Lack of ongoing training and recertification. Such training helps to reduce the number and severity of hybrid cloud misconfigurations. As the leading cause of hybrid cloud breaches today, it’s surprising more CIOs aren’t defending against misconfigurations by paying for their teams to all get certified. Each public cloud platform provider has a thriving sub-industry of partners that automate configuration options and audits. Many can catch incorrect configurations by constantly scanning hybrid cloud configurations for errors and inconsistencies. Automating configuration checking is a start, but a CIO needs a team to keep these optimized scanning and audit tools current while overseeing them for accuracy. Automated checkers aren’t strong at validating unprotected endpoints, for example. Automation efforts often overlook key factors. It is necessary to address inconsistent, often incomplete controls and monitoring across legacy IT systems. That is accompanied by inconsistency in monitoring and securing public, private, and community cloud platforms. Lack of clarity on who owns what part of a multicloud configuration continues because IT and the line of the business debate who will pay for it.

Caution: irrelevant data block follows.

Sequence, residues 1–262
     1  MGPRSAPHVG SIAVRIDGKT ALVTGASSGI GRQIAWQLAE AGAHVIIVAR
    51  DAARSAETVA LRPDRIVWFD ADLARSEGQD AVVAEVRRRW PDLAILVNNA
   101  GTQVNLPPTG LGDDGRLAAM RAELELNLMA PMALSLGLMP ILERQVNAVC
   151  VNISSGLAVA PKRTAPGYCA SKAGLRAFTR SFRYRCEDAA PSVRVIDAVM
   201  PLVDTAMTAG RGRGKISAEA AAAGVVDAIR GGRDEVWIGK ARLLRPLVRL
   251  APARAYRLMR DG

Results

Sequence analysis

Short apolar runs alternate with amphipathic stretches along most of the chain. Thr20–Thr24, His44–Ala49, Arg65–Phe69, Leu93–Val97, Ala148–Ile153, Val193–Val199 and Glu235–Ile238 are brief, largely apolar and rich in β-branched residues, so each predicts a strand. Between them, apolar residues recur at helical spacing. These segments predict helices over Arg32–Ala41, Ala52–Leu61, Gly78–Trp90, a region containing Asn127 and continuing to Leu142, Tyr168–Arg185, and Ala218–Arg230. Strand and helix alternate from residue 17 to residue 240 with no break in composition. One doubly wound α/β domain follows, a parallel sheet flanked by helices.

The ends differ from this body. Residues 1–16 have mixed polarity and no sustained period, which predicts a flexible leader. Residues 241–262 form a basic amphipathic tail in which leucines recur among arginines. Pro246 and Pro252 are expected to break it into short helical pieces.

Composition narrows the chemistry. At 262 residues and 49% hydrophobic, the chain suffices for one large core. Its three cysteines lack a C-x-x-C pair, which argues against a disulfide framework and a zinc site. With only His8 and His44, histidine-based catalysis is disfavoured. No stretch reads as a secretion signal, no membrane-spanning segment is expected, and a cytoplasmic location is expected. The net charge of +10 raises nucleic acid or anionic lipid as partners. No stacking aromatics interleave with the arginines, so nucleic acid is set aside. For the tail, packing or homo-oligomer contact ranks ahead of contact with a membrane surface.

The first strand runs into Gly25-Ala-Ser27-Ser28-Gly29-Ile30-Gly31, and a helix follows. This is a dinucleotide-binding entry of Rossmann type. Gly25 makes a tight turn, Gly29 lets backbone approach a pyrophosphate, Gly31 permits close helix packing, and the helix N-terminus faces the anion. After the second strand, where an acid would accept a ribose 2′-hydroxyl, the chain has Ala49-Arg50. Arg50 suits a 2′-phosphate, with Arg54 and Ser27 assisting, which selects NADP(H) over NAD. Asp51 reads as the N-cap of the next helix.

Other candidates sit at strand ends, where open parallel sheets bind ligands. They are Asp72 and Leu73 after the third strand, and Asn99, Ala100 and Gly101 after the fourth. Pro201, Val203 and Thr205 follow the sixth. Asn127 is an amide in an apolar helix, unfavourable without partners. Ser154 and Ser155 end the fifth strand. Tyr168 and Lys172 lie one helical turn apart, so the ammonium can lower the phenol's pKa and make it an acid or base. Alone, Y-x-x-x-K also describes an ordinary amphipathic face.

Although it is common to have the cyber risk oversight function fall to the audit committee, this should be carefully considered given the burden on audit committees. An alternative to consider, depending on the magnitude of the oversight responsibility, is the formation of a dedicated, cyber-specific board-level committee or sub-committee. At the same time, because cybersecurity considerations increasingly affect all operational decisions, they should be a recurring agenda item for full board meetings. Companies that already have standalone risk or technology committees should also consider where and how to situate cybersecurity oversight. The appointment of directors with experience in technology should be evaluated alongside board tutorials and ongoing director education on these matters. Robust management-level systems and reporting structures support effective board-level oversight, and enterprise-wide cybersecurity programs should be re-assessed periodically, including to ensure they flow through to individual business units and legacy assets as well as newly acquired or developed businesses.